- Costs: The proposals would boost energy prices to varying degrees. Under the $50 scenario, retail power costs would average 12.9 cents per kilowatt hour in 2030, compared to 10.6 cents absent the policy. Average gasoline prices would be 60 cents per gallon higher.
- Design: A series of options can mitigate the financial effects on consumers, including payroll tax cuts and rebate checks.
Go deeper: Read the full story in the Axios stream.
4. Petro news and notes
State of the market: Oil prices may be softening due to increased production from Libya and elsewhere plus potential damage to global growth from the U.S.-China trade dispute, Reuters reports.
- “The perception in the oil market seems to be shifting,” Carsten Menke, commodity research analyst at Swiss private bank Julius Baer, tells Reuters. “Fears of shortages, which pushed prices as high as $80 per barrel in early summer, are receding and concerns about looming surpluses growing.”
Peak demand: The Center for Strategic and International Studies has a lucid new video explainer about projections for when global oil demand might peak and why projections for when this might happen vary so widely.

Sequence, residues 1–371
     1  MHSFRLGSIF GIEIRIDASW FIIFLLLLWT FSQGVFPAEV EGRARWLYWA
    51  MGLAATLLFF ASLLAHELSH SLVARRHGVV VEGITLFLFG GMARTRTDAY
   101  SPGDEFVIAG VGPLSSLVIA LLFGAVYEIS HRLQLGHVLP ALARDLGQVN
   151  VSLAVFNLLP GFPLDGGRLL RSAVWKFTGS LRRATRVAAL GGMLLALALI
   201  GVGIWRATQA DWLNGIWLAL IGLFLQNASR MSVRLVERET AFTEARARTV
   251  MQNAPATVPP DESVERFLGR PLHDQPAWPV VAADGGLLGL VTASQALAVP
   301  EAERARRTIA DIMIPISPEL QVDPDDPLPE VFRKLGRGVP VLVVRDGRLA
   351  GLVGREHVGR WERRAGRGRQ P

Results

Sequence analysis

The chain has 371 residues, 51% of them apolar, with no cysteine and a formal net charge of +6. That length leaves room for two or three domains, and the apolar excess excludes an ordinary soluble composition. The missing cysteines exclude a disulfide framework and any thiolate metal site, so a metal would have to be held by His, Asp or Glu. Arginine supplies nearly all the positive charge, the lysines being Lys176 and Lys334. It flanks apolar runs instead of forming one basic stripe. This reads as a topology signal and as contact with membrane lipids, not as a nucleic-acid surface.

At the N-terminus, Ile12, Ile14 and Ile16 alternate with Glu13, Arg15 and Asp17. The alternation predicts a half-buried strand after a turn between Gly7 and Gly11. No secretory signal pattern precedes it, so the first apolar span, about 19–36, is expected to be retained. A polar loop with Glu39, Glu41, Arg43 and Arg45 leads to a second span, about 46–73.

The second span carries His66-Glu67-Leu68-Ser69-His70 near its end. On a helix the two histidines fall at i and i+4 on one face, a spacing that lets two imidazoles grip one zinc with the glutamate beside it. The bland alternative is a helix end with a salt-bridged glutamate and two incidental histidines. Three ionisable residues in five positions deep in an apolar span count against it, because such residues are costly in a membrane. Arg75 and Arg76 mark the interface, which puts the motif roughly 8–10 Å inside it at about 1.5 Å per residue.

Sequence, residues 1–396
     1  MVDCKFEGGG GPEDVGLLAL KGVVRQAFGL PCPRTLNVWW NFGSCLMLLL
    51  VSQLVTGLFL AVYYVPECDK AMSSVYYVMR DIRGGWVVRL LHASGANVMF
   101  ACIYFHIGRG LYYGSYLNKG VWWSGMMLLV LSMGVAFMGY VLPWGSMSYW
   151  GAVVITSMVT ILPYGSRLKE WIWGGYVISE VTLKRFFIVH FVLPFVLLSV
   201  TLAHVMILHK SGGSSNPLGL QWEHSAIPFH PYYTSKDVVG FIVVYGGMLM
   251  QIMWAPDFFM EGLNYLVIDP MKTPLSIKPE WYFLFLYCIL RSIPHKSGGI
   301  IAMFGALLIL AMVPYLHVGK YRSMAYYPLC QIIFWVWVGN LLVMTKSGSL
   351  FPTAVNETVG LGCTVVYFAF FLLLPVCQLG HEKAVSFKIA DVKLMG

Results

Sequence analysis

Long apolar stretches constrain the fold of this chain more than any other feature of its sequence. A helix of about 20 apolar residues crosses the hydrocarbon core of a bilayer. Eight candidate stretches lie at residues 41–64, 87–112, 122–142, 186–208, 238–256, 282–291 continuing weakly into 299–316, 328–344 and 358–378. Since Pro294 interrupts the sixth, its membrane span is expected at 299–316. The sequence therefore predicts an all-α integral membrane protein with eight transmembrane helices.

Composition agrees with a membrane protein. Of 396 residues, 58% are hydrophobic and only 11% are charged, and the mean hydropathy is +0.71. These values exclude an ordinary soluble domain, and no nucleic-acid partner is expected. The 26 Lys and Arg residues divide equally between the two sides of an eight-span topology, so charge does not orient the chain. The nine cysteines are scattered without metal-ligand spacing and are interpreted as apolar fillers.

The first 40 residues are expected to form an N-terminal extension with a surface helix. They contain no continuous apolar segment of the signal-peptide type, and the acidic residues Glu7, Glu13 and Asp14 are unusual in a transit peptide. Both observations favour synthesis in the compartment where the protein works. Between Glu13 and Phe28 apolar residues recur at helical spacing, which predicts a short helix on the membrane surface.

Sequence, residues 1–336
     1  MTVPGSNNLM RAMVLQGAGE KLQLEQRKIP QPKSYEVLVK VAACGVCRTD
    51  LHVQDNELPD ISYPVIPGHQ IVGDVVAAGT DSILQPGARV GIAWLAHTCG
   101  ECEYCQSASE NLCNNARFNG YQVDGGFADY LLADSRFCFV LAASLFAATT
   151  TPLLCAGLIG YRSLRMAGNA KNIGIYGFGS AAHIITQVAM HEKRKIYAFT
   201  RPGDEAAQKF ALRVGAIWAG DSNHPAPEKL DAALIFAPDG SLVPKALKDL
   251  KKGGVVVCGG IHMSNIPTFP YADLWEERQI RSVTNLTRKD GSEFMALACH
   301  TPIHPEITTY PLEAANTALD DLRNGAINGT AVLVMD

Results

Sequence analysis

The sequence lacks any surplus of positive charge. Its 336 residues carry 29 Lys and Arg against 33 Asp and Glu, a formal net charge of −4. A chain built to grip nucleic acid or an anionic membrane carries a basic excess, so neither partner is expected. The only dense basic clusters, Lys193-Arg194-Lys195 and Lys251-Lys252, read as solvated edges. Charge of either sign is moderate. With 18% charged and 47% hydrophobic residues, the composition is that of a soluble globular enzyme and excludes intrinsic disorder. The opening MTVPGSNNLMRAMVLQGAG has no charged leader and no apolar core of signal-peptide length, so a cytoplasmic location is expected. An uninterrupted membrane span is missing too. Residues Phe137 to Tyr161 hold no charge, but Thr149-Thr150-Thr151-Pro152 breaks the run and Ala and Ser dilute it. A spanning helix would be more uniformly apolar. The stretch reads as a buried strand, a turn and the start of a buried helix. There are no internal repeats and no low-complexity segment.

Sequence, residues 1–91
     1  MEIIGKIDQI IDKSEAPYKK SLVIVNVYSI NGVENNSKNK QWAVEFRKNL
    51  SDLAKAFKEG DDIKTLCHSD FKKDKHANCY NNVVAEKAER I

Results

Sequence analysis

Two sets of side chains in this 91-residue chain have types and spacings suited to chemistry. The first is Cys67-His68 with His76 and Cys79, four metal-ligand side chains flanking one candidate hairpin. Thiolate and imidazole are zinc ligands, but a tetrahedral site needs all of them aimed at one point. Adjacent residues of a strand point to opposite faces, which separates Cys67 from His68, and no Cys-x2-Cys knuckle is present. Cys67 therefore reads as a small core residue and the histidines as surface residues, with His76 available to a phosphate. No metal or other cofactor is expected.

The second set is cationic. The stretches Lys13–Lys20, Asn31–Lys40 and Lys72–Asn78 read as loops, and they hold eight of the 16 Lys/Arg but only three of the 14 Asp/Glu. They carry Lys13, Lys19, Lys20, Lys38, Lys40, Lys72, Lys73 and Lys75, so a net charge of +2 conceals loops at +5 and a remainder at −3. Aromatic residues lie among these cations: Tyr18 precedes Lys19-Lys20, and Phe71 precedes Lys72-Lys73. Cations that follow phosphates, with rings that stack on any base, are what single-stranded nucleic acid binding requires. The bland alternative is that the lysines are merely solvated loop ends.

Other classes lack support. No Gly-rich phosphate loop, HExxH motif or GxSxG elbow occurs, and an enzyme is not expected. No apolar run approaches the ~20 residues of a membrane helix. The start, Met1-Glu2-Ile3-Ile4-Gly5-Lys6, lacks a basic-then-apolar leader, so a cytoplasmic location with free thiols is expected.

Shale: U.S. oil production from shale formations is expected to rise another 143,000 barrels per day to reach 7.47 million barrels per day in August, the Energy Information Administration said in its latest monthly analysis.
Good listen: Have you ever wanted to hear a State Department official talk Iran sanctions policy with the amazing Queen-David Bowie song "Under Pressure" in the background, followed by an informative interview with a Barclays analyst?
- If the answer is yes, this S&P Global Platts podcast that dropped yesterday has you covered.
5. So hot right now: 2018